Made in Dagenham is funny, sassy, infuriating, and occasionally moving. Watch it for an evening's entertainment, or watch it to remember - or to learn - what life was like only 43 years ago. 1968 was the year when Martin Luther King and Robert Kennedy were assassinated. It was the year of the Tet offensive and the My Lai massacre in Vietnam. Student protests, especially in France, were huge. The Beatles sang about Lady Madonna ("wonder how she manages to feed the rest?"). They might well wonder - women earned less than 60% of what men earned, and it didn't look like things were going to get better anytime soon.

Of course women should have equal pay, some of the more enlightened men-in-charge told us. But these things take time. You can't expect things to happen overnight. Making demands will get you nowhere. That's what the same enlightened men-in charge-had been saying about civil rights for people of color just a few years earlier. And that's what the weaselly union and business leaders told the women machinists in east London.

Fortunately, the women machinists didn't agree.

In 1968 I taught history and French at a small private high school. The pay scale had three levels: married men earned approximately $7000 a year; single men earned about $6000, and women earned about $5000. The English teacher, the German teacher, and I thought this was not quite fair. All the married men had working wives. We, however, though women, were all married to students and were the sole support of our families. Why shouldn't we earn as much as the married men?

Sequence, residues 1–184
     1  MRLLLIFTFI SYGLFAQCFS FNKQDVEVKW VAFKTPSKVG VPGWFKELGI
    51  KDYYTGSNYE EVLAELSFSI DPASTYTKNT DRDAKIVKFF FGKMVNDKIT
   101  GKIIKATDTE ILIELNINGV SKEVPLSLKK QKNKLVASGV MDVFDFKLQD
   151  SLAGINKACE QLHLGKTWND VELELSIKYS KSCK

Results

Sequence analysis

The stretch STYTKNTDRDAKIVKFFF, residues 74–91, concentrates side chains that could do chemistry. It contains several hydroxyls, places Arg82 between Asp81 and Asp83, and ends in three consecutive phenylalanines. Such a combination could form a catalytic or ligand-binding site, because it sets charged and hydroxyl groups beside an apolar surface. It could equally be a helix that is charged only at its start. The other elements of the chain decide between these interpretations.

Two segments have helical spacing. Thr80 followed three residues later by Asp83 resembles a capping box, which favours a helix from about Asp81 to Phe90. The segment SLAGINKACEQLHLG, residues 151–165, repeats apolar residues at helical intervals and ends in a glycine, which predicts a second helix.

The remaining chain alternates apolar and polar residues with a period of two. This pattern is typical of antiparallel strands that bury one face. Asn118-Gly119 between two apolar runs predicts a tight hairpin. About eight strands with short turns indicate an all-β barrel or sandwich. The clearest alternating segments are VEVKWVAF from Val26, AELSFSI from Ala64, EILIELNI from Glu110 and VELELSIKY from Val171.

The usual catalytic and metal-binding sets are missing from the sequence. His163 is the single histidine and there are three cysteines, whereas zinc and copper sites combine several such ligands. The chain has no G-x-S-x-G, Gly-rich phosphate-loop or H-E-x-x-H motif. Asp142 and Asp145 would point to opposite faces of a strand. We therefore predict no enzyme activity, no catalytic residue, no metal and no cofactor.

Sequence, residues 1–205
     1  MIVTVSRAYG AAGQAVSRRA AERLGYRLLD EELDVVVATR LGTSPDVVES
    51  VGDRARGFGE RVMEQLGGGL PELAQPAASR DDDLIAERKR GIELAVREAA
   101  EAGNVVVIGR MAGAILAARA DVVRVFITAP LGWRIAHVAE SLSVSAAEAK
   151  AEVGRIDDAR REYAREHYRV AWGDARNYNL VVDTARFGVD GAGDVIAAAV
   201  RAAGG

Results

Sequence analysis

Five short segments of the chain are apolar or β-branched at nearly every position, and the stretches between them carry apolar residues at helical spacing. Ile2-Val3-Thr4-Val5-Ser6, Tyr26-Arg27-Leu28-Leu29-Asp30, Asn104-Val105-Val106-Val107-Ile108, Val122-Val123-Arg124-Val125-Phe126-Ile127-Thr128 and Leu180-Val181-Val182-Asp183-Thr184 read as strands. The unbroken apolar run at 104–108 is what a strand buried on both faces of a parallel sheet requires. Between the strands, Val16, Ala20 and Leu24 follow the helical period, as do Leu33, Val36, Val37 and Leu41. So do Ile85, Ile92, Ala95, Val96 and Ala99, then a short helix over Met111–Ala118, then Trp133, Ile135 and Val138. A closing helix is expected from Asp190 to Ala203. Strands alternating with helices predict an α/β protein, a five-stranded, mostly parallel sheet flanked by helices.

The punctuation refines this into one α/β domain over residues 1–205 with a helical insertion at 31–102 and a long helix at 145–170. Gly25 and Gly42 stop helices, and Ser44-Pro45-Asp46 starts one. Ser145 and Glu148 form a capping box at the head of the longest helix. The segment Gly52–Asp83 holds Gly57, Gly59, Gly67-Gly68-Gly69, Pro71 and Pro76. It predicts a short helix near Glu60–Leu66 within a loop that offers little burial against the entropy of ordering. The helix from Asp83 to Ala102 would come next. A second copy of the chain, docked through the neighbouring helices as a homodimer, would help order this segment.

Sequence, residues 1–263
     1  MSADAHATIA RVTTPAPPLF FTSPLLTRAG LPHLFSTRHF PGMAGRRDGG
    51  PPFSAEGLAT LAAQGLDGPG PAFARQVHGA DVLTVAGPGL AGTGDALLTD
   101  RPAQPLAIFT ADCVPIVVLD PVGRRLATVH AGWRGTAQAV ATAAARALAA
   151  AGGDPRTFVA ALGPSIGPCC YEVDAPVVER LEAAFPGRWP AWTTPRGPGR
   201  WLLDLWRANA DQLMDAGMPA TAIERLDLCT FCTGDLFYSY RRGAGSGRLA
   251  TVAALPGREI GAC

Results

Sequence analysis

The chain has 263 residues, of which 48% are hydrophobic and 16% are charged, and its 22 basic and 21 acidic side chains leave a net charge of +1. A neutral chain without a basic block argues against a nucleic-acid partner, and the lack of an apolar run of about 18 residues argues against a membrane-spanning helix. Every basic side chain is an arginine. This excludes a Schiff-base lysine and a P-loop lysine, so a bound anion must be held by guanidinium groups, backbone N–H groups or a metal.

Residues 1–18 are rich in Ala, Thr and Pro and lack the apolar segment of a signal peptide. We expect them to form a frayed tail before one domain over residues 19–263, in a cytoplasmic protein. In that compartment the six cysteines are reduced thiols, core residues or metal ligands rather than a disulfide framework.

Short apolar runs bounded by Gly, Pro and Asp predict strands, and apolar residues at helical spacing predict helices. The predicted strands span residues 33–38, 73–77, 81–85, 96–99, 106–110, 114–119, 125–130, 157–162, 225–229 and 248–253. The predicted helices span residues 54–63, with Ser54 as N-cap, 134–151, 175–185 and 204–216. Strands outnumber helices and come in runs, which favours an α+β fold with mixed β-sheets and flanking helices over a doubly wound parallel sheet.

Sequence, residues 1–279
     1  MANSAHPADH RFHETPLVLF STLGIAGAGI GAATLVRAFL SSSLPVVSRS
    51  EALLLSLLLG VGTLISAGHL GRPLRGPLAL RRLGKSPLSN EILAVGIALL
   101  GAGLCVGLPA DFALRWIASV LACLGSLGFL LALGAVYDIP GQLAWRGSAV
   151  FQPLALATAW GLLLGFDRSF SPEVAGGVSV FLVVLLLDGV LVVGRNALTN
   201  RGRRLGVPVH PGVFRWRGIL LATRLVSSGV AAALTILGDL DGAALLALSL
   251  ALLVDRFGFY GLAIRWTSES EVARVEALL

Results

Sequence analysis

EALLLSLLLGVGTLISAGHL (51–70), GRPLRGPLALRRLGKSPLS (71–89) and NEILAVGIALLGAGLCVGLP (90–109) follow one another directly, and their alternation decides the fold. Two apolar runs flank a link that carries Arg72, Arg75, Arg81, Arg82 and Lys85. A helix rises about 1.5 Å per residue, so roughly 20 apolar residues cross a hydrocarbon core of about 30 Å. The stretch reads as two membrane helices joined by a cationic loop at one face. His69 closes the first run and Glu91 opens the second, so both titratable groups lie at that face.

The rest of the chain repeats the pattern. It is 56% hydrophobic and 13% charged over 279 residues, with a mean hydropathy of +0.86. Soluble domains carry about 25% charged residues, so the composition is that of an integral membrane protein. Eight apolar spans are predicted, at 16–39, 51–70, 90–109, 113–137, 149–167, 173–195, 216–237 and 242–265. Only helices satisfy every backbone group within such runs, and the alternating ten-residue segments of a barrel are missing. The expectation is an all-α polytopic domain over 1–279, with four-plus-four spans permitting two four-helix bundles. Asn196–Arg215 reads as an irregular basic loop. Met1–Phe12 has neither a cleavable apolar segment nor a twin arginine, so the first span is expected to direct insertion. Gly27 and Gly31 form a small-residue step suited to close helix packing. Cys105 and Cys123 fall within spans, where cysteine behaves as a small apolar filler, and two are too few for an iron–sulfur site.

We wrote a polite letter of inquiry to the people responsible for our paychecks. We made no threats; we merely asked for an explanation. Immediately our principal got a terrified phone call from his board chairman. "What's this I hear about a teacher's strike?" the man wanted to know.

Unlike Rita O'Grady, the spunky heroine of Made in Dagenham, we didn't strike. We didn't do anything, in fact: we were nice girls. Those were the days, my friend. I'm glad they finally ended.

Monday, April 18, 2011

Where to get excellent hospital food

Are you looking for a hospital that provides gowns that actually cover your rear, that lets you stay until you feel well enough to return home, and that - get this - gives you excellent food three times a day?

My friend Lilliam Hurst is currently being treated at the Clinique Générale-Beaulieu, which not only does all of the above, but also offers breathtaking mountain views from her window. Here's a sample of what Lilliam has been eating:

Breakfast: whole grain bread, yogurt, freshly squeezed grapefruit juice, coffee

Salad: arugula with pine nuts

Another salad - and the flower is edible

Feuilleté d'asperges vertes

Parmentier de canard au céleri

Dessert: Canary Island bananas with berries and caramel sauce

Dessert: terrine de mangues et framboises

Lilliam's hospital is in Switzerland, a country where health care is 12.5% less expensive, per capita, than in the United States - and where every citizen is insured. She is allowed 10 days in hospital for a procedure that in the United States is usually performed as outpatient surgery. Despite the fine food, however, she plans to leave sooner. She says she sees no reason to contribute to rising health-care costs.